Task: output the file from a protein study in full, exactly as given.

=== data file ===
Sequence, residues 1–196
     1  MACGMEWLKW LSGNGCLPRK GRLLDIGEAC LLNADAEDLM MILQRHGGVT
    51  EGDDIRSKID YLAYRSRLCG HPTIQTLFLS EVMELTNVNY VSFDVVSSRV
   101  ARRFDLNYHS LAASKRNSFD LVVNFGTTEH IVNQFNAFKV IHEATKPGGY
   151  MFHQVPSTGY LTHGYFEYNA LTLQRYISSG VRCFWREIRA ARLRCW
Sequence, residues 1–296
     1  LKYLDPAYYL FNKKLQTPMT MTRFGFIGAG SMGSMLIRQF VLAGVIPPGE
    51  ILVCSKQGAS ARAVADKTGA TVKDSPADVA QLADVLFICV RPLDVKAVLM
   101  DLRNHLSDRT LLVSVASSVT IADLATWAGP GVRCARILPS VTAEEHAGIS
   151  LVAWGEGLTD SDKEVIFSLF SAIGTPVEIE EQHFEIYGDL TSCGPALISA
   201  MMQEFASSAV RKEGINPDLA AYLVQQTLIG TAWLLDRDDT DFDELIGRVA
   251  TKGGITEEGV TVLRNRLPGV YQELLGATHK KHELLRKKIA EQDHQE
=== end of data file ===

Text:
Sequence, residues 1–196
     1  MACGMEWLKW LSGNGCLPRK GRLLDIGEAC LLNADAEDLM MILQRHGGVT
    51  EGDDIRSKID YLAYRSRLCG HPTIQTLFLS EVMELTNVNY VSFDVVSSRV
   101  ARRFDLNYHS LAASKRNSFD LVVNFGTTEH IVNQFNAFKV IHEATKPGGY
   151  MFHQVPSTGY LTHGYFEYNA LTLQRYISSG VRCFWREIRA ARLRCW
Sequence, residues 1–296
     1  LKYLDPAYYL FNKKLQTPMT MTRFGFIGAG SMGSMLIRQF VLAGVIPPGE
    51  ILVCSKQGAS ARAVADKTGA TVKDSPADVA QLADVLFICV RPLDVKAVLM
   101  DLRNHLSDRT LLVSVASSVT IADLATWAGP GVRCARILPS VTAEEHAGIS
   151  LVAWGEGLTD SDKEVIFSLF SAIGTPVEIE EQHFEIYGDL TSCGPALISA
   201  MMQEFASSAV RKEGINPDLA AYLVQQTLIG TAWLLDRDDT DFDELIGRVA
   251  TKGGITEEGV TVLRNRLPGV YQELLGATHK KHELLRKKIA EQDHQE